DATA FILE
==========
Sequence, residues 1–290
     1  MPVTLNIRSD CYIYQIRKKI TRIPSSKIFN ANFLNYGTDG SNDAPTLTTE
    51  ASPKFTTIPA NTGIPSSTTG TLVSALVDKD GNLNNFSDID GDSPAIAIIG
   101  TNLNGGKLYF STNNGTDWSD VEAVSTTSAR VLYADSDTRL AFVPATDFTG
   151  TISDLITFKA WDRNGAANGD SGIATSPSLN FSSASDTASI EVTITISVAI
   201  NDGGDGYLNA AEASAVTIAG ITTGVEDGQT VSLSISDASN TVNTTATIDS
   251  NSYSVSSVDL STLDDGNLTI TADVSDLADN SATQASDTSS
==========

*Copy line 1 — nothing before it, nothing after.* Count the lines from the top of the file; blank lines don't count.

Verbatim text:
Sequence, residues 1–290